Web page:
The tragedy in El Paso, Texas on August 3, 2019 will never be forgotten. Not by me nor by anyone else in this city. Like traumatic events often do, it has left me retrospective, as well as introspective. After the national media and politicians stop talking about the massacre, we are left to ask why and where do we go from here.
I don’t pretend to have the answers to explain why our country and our people are so violent. I do know that after more than five decade of living and over 25 years of practicing law that Americans are basically good people. I have come to a conclusion, though, that one of our greatest weaknesses is that we seek “justice” with a lowercase “j” and not “Justice” with a capital “J.” What does that mean?
Most people, and I must confess that includes myself, seek to protect the identities we have created for ourselves. We want what is right and just for our beliefs, our race, our religion, our tribe. Somehow we have divided ourselves by saying were are pro-this or anti-that. We want our rights and free speech protected, but we are not willing to stand for the rights or free speech of others – particularly if we deem the “others” as a threat to our tribe or our beliefs. Most whites and Hispanics do not care deeply about Black Lives Matters. Most African Americans don’t care about “Dreamers,” deportations of undocumented immigrants, or Central Americans seeking asylum. Christians aren’t particularly concerned about discrimination against Muslims. Muslims aren’t vocal against anti-Semitism. Atheists are unwilling to hear the concerns of Christians who feel their beliefs and rights are threatened. This is “justice” with a lowercase “j.”
As an employment attorney I have represented a diverse group of clients. A couple of years ago I represented Mark, an African-American man who alleged race discrimination in his termination. The case was tried before an all Hispanic jury. The evidence included the fact that my client was the only black working with an all Hispanic workforce for a company in El Paso, and that his supervisor would refer to him as a “mayate” (the Spanish equivalent for the “N” word). Surprisingly the jury ruled against my client. When I went back to speak to the jurors, I saw a lack of anger or even empathy towards what my client experienced. I had to wonder if the outcome would have been different had I presented the exact same facts but my client was Hispanic and his supervisor a white man using words that were racially offensive about Hispanics.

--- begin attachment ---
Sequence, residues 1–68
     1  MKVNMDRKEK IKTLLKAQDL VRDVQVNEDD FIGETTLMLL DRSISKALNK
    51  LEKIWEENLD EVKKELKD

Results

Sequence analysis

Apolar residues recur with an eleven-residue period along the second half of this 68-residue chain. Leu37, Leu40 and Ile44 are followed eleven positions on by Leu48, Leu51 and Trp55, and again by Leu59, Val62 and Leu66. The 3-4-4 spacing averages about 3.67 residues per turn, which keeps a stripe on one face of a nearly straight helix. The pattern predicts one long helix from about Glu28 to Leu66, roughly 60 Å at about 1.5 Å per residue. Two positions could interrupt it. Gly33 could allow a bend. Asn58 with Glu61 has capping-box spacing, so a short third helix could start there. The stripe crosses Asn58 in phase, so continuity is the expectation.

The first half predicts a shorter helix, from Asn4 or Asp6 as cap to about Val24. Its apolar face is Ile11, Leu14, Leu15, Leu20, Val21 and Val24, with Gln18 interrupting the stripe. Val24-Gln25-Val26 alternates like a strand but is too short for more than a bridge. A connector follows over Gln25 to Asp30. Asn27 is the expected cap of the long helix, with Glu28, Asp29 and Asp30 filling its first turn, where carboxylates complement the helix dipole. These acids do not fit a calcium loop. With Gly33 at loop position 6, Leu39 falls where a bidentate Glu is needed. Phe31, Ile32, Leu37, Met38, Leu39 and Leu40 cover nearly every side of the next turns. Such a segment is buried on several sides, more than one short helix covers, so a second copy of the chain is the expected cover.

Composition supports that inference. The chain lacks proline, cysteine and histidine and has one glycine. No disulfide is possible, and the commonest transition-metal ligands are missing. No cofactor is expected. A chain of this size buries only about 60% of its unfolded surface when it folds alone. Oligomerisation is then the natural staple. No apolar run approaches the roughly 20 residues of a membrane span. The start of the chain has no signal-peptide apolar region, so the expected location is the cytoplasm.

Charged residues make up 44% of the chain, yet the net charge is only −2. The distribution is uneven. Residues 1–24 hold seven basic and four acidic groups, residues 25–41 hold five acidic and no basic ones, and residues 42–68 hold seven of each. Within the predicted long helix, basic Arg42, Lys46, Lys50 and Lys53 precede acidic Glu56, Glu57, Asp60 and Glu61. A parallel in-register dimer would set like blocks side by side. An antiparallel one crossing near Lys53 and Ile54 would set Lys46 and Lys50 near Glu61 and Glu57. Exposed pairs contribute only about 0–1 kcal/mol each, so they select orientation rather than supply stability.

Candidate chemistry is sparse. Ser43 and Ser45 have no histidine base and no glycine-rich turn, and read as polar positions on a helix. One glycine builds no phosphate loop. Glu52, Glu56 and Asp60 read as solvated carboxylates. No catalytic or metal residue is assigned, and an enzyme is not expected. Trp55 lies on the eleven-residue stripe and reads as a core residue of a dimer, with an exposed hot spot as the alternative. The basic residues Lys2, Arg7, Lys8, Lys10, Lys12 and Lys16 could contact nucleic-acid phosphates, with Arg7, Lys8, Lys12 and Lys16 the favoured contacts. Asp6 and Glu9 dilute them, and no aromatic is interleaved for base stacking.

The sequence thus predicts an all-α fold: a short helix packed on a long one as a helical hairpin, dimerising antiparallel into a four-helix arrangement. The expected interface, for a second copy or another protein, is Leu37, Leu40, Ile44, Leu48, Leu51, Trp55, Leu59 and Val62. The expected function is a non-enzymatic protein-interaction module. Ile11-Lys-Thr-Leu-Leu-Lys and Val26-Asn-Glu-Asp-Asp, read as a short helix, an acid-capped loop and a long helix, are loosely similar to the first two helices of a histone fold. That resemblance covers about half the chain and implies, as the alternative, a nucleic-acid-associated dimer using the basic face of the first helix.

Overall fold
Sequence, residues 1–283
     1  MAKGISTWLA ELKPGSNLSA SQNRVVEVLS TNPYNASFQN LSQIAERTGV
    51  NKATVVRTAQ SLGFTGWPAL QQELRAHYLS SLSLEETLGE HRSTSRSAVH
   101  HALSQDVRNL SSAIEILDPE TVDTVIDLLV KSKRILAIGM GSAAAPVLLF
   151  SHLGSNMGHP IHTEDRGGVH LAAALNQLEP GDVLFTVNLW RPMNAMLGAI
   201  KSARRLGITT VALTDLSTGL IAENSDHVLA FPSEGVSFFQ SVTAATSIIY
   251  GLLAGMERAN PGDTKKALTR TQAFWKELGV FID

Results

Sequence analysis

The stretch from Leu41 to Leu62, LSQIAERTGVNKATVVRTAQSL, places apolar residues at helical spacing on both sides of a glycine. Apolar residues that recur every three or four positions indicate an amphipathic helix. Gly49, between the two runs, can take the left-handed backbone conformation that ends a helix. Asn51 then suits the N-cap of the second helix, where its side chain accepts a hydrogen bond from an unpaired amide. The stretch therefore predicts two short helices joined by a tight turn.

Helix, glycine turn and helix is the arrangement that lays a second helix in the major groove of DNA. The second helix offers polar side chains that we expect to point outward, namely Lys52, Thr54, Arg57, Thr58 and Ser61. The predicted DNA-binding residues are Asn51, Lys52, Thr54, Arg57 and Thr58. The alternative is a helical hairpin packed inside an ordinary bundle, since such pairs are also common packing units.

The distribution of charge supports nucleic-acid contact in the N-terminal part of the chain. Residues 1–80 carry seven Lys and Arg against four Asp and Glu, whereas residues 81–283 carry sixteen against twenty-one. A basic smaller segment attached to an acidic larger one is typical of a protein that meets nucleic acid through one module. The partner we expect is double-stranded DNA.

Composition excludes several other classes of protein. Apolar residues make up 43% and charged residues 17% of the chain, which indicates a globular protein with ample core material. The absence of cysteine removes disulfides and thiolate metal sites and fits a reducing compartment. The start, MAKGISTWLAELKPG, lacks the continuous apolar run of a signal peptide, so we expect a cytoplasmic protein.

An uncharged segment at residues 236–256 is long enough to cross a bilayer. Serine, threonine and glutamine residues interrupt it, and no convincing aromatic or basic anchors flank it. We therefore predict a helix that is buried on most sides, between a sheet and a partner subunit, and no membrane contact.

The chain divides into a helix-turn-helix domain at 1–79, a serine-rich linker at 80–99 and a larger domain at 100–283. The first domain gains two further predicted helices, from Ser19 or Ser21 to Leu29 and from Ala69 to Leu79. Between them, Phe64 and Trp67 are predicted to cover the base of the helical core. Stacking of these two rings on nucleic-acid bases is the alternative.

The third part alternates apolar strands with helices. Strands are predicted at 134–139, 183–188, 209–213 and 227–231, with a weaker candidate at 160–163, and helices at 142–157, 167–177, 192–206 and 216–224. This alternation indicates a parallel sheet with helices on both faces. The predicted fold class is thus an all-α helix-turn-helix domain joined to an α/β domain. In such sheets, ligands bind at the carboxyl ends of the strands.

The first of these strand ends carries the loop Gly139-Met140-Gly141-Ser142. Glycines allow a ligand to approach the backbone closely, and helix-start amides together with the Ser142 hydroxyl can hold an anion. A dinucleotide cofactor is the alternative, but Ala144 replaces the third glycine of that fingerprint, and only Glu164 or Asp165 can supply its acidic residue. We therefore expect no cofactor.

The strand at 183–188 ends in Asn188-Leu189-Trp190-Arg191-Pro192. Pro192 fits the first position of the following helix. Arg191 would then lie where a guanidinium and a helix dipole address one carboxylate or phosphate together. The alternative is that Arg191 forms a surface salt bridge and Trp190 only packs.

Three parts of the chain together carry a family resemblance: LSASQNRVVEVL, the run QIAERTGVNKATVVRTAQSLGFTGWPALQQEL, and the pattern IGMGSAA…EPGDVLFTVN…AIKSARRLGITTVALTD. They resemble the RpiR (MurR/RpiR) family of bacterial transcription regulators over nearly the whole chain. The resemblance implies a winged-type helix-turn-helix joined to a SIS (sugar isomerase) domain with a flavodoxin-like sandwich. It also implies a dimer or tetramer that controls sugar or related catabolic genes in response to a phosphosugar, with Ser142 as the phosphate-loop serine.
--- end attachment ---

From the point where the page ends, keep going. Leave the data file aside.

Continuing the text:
It is human nature to want to belong to a group. Race. Ethnicity. Gender. Nationality. Political affiliation. Religion. Sexual orientation. Profession. College. High school. Whatever. Tragedies like the one we had in El Paso, though, remind us of how similar we are and how these self-imposed labels only give us an excuse to lack empathy towards others who are not like us. The next time I hear about the struggles of one group, or the discrimination against another, I will try to walk the proverbial mile in that person’s shoes. Or at least a few steps. I have seen us accept “justice” with a lowercase “j” for too many years, and it is killing us.
“Injustice anywhere is a threat to justice everywhere. We are caught in an inescapable network of mutuality, tied in a single garment of destiny. Whatever affects one directly, affects all indirectly.”
-Martin Luther King, Jr., Letter from a Birmingham Jail.
By accepting a job with this company, you have agreed to the company’s ARBITRATION AGREEMENT. The following explains why I, the employer, can do this.
I am POWERFUL. YOU are POWERLESS. I therefore can CONTROL every aspect of our relationship.
You are easily replaceable.
I have no reverence for you, or your struggles, or why you need this job.
I will dictate every aspect of your job. How much you will be paid. Your hours. Your benefits. Your duties. It is non-negotiable.
You have no guarantee to work this job tomorrow.
I can fire you for almost any reason, or no reason at all.
I will force you to give up your constitutional right to a jury trial before your peers.
If you refuse to agree to my arbitration agreement and refuse to give up your jury trial rights, I can and will fire you.
I will force you to submit your legal claims to an arbitrator who will be paid thousands of dollars by me.